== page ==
testing for sharpness

I watched a show on the tube where they were sharpening knives and then using the fleshy parts of their thumbs and fingers to test for sharpness. My Dad could somehow make anything sharp enough to shave with, and taught me to drag the end of my fingernail lightly along the edge, a slight resistance meaning scary sharp.
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Sounds a bit dangerous if you don't know what you are doing there. I prefer just to try the common method of slicing off strips of paper with the blade.
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wrote:

In which direction? I like to go in the plane of the paper, myself. :)
Mark
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wrote:

I think he meant a crosscut.. I don't think a blade is sharp until it will resaw paper..
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Yeah, it's surprising how many people prefer to slice off strips of their fingers instead.
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On 7 Dec 2004 14:17:38 -0800, snipped-for-privacy@yahoo.com wrote:

I prefer the thumnail test -- YMMV
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I always seem to have patchy arm hair....bad habit I picked up from a knife and sword-making buddy of mine.
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Knifemaker's Mange. Confused the hell out of my acupuncturist. She thought it was an iron deficiency, but I explained that was one mineral I certainly wasn't short of.
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Rather than dragging anything that belongs to you along the blade, turn the blade crosswise to your thumbnail and, with the blade at about a ten degree angle from square to your thumbnail, just drop the blade down onto the nail gently, moving it slightly toward you. If it's truly sharp it will catch on the nail; it it's anything less than sharp it will skid.
Tom Dacon

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That's on the FLAT of the nail, not on the edge, by the way.
Tom Dacon

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to catch the sharper it is.
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On 7 Dec 2004 14:17:38 -0800, snipped-for-privacy@yahoo.com wrote:

The sharper the steel the more effort it takes to cut meat. this seems weird but you need bigger teeth on the edge to grab meat and such. I had learned this when I got my first handmade Japanese kitchen knife. I sharpened it to 8000 and it was sharp. it fell through a spud but you had to saw meat with it. took it down to 1000 grit and man it cut meat like crazy. running a finger over the edge of a woodworking tool works well. You look for a slippery or oily feeling edge. the sharper it is the oiler it feels. I like this method because you can find any bad spots or missed burr's I have never cut myself doing this. it takes some force to do so. but don't do it on a kitchen knife (G)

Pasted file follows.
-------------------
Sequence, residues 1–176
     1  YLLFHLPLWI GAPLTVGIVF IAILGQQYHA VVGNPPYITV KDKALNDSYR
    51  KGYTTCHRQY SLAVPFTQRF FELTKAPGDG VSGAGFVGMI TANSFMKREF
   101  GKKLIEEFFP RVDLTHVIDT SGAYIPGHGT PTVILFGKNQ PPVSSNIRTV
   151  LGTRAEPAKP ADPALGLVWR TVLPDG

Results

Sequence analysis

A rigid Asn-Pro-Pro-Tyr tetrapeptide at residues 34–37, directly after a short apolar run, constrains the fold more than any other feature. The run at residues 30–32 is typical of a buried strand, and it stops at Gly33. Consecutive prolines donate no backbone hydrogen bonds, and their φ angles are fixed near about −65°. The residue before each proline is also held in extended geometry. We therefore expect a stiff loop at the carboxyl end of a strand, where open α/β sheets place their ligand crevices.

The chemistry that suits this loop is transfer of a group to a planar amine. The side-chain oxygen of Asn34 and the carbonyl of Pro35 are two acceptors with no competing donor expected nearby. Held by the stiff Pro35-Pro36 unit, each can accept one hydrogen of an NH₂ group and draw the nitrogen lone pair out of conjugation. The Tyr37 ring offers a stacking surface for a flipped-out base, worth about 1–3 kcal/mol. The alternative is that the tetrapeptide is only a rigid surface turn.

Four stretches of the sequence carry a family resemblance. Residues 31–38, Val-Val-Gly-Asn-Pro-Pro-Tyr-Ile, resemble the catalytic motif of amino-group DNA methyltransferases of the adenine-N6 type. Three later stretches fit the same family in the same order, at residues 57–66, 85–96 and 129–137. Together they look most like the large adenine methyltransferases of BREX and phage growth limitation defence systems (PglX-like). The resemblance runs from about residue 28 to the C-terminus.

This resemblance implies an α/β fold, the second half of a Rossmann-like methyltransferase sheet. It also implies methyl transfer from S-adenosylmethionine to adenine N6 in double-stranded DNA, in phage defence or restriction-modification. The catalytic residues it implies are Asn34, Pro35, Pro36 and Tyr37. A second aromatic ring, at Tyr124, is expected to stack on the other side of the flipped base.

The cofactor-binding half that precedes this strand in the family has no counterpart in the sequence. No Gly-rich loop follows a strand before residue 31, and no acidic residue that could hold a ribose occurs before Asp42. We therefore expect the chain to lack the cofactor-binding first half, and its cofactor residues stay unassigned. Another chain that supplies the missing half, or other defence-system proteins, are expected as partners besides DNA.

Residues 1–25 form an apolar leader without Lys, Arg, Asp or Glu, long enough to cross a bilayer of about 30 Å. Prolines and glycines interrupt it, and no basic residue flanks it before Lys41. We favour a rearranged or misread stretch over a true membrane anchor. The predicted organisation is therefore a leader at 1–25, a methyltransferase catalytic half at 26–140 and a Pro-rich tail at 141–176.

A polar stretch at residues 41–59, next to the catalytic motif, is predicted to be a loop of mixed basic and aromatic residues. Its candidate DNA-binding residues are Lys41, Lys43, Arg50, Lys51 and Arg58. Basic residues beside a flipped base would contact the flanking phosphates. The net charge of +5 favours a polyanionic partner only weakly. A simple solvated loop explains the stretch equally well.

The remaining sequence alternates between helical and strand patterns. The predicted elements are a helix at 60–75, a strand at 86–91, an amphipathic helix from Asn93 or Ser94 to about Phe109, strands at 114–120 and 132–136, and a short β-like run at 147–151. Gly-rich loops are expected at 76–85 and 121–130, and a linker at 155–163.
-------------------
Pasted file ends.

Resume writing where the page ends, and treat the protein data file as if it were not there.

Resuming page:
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Steve Knight wrote:

I think Leonard Lee explained this phenomenon in his sharpening book, but I can't remember the explanation.
You're absolutely right though. A knife that's sharp enough to shave DNA out of a hair cell won't cut meat worth a damn. Meat knives need some tooth. Tomato knives too.
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because courser teeth have less surface touching so they grab better.
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Asked my barber this same question. He's over 70 and I assumed he would know something about keeping a blade pretty sharp. He showed me by putting the blade at an angle on the top of the thumbnail. Adjusting the angle until it just stopped sliding. Also showed me his arkansas stone, and that when barbers purchased a blade, it came fully sharpeded and that all the barber had to do was use the leather to keep it that way.
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If you're going to cut wood, why not test across the endgrain of a nice pine scrap? Shine = sharp.
Oh yes, cutting resistance is also a good indicator when using this process.

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To test carving tools for sharpness, nothing beats trying them on a piece of wood. Across the grain you can see where more work is needed. The best way to sharpen a knife to cut rope is on concrete. This makes a really terrible edge (for woodworking) but leaves plenty of teeth for severing the rope fibers.

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"Dave W" wrote in message

What!? ... and then have to go through all that sharpening crap all over again?
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(G)
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